England will be without their most experienced bowler for the remainder of the Ashes series after it was confirmed that James Anderson would take no part in the final two tests due to a calf injury. Anderson has been a huge presence for over a decade now when it comes to this particular rivalry between England and Australia, now they must look elsewhere if they’re to win back that little-urn.
With 149 tests and 575 wickets to his name, 37-year-old veteran Jimmy Anderson won’t be apart of England achieving Ashes glory if they do happen to go on and win the series. Anderson initially injured his calf in the first Ashes test at Edgbaston just four overs into his spell with the new ball. Since leaving the field, Anderson didn’t make a return with the ball but did come out to bat at No. 11 in both innings.
After some recovery time, Anderson made his way back through Lancashire’s 2nd XI which would hopefully lead to a recall ahead of the fourth test at Old Trafford. From all reports, it was all looking promising before encountering some pain in his calf while bowling against Durham’s 2nd XI. In many sports, calf injuries are also referred to as an “old mans injury” which fits the description on this occasion. It comes as a major blow for the hosts who have relied on Anderson’s new-ball prowess for a very long time now, his ability to nip the ball away and back into the batsmen generally results in early wickets.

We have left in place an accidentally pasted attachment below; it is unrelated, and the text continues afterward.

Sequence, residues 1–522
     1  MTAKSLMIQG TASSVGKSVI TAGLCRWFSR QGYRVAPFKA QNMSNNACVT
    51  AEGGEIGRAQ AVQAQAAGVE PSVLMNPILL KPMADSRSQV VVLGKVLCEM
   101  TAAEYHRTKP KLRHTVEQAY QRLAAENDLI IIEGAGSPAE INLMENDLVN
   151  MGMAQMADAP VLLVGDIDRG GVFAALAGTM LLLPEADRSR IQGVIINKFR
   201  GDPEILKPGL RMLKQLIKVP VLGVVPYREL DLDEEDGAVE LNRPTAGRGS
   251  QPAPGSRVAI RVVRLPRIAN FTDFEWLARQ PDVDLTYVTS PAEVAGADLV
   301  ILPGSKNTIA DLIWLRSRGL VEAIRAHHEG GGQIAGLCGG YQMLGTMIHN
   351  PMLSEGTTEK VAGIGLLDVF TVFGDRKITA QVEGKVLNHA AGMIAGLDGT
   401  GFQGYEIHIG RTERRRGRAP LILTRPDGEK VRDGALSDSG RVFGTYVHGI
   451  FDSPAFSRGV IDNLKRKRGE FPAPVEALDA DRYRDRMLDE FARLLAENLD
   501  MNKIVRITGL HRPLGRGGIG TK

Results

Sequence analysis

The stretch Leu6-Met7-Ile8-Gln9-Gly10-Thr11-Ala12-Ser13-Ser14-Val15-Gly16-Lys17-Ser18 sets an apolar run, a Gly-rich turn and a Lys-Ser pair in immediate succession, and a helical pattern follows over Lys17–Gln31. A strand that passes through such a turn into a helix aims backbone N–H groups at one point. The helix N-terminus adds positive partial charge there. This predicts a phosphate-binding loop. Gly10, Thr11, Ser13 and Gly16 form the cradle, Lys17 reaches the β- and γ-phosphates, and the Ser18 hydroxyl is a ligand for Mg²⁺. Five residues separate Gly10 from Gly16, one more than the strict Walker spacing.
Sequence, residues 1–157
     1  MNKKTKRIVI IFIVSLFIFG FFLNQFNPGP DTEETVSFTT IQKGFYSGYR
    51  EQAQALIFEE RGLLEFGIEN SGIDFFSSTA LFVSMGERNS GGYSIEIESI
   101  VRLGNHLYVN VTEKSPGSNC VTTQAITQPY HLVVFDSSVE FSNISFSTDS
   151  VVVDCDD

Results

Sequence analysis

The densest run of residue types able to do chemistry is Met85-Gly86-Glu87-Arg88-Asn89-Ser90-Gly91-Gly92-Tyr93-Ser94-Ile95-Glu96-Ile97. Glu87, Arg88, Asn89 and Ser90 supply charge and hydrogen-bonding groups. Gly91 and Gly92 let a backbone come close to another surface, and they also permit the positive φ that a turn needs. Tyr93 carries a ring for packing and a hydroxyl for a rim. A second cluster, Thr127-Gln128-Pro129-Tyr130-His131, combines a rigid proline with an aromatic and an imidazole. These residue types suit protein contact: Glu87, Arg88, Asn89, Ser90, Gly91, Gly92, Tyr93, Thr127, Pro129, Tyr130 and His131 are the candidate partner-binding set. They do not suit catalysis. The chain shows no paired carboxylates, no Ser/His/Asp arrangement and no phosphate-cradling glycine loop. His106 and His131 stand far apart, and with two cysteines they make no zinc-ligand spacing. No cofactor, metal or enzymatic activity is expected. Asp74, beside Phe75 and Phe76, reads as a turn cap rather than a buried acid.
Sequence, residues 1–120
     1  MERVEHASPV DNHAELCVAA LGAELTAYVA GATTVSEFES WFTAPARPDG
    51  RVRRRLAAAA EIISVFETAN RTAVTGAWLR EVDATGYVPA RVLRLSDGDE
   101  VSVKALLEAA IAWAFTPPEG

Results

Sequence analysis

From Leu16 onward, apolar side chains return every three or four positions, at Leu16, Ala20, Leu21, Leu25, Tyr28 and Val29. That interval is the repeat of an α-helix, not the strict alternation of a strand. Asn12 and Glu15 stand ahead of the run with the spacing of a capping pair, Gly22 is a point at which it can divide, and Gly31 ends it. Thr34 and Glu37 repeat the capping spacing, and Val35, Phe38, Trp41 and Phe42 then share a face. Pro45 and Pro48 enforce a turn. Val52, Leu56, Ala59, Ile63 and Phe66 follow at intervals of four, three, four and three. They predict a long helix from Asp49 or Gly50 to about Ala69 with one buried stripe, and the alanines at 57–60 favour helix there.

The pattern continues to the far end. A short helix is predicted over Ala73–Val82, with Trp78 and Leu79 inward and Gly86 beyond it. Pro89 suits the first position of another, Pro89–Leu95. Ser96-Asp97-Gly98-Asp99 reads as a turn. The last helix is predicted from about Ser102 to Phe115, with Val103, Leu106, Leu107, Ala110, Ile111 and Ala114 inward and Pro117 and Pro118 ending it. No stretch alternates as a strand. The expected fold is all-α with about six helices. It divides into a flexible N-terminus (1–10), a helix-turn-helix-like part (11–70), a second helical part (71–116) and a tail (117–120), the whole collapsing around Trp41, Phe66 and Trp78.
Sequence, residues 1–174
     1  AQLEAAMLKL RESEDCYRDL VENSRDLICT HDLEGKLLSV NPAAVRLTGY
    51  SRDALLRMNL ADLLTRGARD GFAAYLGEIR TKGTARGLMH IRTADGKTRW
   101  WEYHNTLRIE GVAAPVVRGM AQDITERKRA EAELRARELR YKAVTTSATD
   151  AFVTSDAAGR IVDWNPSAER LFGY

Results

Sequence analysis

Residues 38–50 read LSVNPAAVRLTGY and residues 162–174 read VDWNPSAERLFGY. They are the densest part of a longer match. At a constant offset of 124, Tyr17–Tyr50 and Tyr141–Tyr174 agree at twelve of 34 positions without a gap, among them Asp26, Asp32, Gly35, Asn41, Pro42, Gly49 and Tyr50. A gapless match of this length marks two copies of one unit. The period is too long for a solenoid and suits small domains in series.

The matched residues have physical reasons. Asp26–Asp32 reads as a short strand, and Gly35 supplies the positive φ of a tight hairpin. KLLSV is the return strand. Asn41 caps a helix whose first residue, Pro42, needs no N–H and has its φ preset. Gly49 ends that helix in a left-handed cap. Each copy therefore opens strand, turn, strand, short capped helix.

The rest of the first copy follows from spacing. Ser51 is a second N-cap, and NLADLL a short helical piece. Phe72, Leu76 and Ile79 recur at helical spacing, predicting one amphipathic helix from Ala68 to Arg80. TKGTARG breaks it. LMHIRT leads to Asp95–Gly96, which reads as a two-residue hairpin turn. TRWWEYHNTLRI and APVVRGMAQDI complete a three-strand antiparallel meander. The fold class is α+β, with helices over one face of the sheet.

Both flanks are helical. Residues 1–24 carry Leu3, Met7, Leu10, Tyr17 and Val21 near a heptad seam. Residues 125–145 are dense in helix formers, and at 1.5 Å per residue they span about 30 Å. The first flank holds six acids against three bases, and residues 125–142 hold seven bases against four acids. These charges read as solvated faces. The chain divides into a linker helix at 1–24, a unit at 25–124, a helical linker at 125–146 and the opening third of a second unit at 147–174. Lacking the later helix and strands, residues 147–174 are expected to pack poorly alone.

England have called up Craig Overton to take Anderson’s place in the squad, it’s unlikely he’ll come into the XI though. With England’s bowling stalwart out of action, Jofra Archer’s role in the team becomes even more vital. Stuart Broad has been good without being great so far in the series, so it will be up to Archer to pack most of the punches for the remainder of the series. Claiming a six-wicket haul in just his second test of his career was a huge achievement in itself, now his eyes will be firmly focused on winning back the Ashes for his country.
Zak Varik is an Australian columnist/writer who specializes in the sports category cricket. With over four years of experience covering all sorts of cricket tournaments around the world, Zak has gained extensive knowledge in International cricket as well as domestic.
“I’ve loved watching cricket since I was about 7 years old, my childhood hero was none other than Andrew “Roy” Symonds who probably enhanced my love of the game through the years”.
Zak is now an established writer for FCN (Fantasy Cricket News) and has also previously represented other Blogs during his time as a writer.